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Realising Eurasia: Civilisation and Moral Economy in the 21st Century

Final Report Summary - REALEURASIA (Realising Eurasia: Civilisation and Moral Economy in the 21st Century)

The project “Realising Eurasia: civilisation and moral economy in the 21st century” (REALEURASIA) is rooted in economic anthropology, but also draws on historical sociology and adjacent fields. Relying primarily on ethnographic methods, it investigates economic attitudes and activities at the level of small businesses, paying particular attention to the moral dimension of the economy and the ways in which this is shaped by distinctive “civilizational” traditions. Conceptually, the project takes off from classical work by Max Weber positing a distinctive “economic ethic” in Protestantism. Weber’s Eurocentric limitations are demonstrated through comparative investigations of the other major “world religions”. The project contributes to various sub-fields of anthropology, and to long-running debates about modernity and global history.
Our investigations of contemporary economic behaviour reveal common dilemmas, rather than any clear divide between the European settings and the countries investigated in Asia. This suggests we do better to follow Jack Goody and approach “Christian Europe” as an important macro-region of the Eurasian landmass, rather than a distinct continent. Europe continues to share many features with the other civilizations of this landmass, which have common origins in the Bronze Age.
The eleven researchers (all but two funded by the ERC) have worked together successfully to achieve the project’s objectives. Following theoretical and methodological training in Halle, doctoral students carried out a full year of fieldwork in six countries (Denmark, Hungary, Turkey, Russian Federation, India, China, Myanmar). Two senior researchers and the PI have also undertaken fieldwork (in Germany, Turkey and Hungary respectively). PI Chris Hann has published signature papers on the concepts of Eurasia (2016 Current Anthropology), civilization (2017 Zeitschrift für Ethnologie) and moral economy (2018 Archives Européennes de Sociologie). Senior researchers Matthijs Krul, Sylvia Terpe and Lale Yalçın-Heckmann have published foundational papers dealing with institutionalist economic history, Weber’s notions of value spheres and life orders, and the creation of value in economic transactions respectively. All researchers have used the project blog to chronicle their research and to disseminate knowledge (these short contributions include original scholarly insights and ethnographic materials pertaining to field sites). In addition, the PI has used this medium in innovative ways to demonstrate the relevance of his Eurasian perspective to current geopolitical and economic affairs.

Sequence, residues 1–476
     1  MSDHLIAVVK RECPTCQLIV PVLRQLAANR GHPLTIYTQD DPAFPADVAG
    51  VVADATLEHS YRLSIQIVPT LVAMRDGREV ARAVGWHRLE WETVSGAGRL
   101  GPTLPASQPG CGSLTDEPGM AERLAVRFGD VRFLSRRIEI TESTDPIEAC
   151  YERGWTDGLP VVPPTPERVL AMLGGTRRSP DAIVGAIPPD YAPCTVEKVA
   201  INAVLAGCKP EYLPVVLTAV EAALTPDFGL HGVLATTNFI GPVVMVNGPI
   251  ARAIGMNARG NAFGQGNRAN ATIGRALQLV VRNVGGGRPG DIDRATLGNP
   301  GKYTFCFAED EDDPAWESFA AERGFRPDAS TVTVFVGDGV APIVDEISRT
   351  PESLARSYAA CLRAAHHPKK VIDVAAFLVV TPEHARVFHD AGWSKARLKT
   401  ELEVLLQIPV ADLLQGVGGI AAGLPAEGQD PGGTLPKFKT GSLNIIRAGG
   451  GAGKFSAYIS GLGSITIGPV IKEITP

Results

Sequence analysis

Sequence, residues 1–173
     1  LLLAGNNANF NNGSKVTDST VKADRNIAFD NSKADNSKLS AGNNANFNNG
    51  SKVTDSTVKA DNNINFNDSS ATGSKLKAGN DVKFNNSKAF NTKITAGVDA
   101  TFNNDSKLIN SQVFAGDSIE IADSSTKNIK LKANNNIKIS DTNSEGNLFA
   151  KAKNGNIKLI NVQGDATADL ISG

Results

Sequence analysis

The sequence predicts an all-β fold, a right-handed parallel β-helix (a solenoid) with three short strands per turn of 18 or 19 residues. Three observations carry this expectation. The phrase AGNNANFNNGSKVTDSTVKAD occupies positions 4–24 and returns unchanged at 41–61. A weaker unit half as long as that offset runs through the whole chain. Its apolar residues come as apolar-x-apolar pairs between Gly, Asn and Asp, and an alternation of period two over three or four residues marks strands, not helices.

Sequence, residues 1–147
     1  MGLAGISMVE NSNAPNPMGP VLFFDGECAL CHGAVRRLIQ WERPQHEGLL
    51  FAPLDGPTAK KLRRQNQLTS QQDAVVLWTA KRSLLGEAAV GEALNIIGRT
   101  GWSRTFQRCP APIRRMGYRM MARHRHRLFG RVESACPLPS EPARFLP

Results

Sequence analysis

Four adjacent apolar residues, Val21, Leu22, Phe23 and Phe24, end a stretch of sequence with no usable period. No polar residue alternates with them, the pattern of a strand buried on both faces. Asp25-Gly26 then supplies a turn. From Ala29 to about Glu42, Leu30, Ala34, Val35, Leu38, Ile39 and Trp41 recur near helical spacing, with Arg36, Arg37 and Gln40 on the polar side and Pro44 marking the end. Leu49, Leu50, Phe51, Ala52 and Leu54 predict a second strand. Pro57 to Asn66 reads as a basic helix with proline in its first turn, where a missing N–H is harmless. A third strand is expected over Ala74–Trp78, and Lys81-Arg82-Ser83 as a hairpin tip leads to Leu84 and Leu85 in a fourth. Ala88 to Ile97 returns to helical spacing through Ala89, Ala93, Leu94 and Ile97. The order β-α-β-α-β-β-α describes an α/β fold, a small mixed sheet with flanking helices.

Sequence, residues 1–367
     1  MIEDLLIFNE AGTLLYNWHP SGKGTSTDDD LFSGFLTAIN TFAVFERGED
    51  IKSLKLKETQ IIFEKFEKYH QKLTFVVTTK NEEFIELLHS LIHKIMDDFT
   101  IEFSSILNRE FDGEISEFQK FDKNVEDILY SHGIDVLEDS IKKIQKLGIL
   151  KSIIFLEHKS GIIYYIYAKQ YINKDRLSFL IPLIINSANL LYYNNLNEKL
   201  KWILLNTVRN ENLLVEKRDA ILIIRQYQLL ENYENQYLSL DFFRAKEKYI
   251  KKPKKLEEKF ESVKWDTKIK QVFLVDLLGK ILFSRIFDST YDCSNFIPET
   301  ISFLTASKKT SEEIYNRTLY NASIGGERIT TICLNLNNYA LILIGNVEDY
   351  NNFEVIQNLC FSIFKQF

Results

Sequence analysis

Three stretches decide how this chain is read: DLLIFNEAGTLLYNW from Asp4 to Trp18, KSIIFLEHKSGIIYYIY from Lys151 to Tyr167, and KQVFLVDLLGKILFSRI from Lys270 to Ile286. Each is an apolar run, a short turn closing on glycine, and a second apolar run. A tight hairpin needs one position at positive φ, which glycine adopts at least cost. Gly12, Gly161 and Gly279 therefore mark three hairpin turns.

The doctoral students observed and participated in the everyday lives of urban households and small firms, while implementing a survey to gather comparable data. Each devoted one chapter to the moral-religious background (crucial in shaping attitudes and subjectivation) and another to political economy. The two are brought together in the ethnographic analyses. Results have been disseminated in numerous international conferences. Individual project results have been written up in five completed PhD dissertations. Anne-Erita Berta’s thesis probes egalitarian individualism in high-tax Denmark. Laura Hornig illuminates why self-employment is considered better than working for others in Myanmar. Sudeshna Chaki found religion to be almost invisible in the workplace she studied in India. This was also true in the postsocialist settings (Russia, studied by – Daria Tereshina–, eastern Germany – Sylvia Terpe– and Hungary – Luca Szücs). However, in the factories investigated by Ceren Deniz in Turkey, Islam strongly shaped the rhythms of labour. In Myanmar and China (Lizhou Hao), popular religion was prominent in shaping the moral background. While similar dilemmas of succession arose in all locations, many business owners preferred their children to pursue careers in fields offering greater prestige and/or security. Overall, the investigations confirmed the fruitfulness of a substantivist perspective (following Karl Polanyi): all human economies are “embedded” (Hann 2018 Environment and Planning A). Links between moral dimensions and different political economic regimes are the subject of a forthcoming volume ‘Moral Economy at Work’ edited by Project Coordinator Yalçın-Heckmann.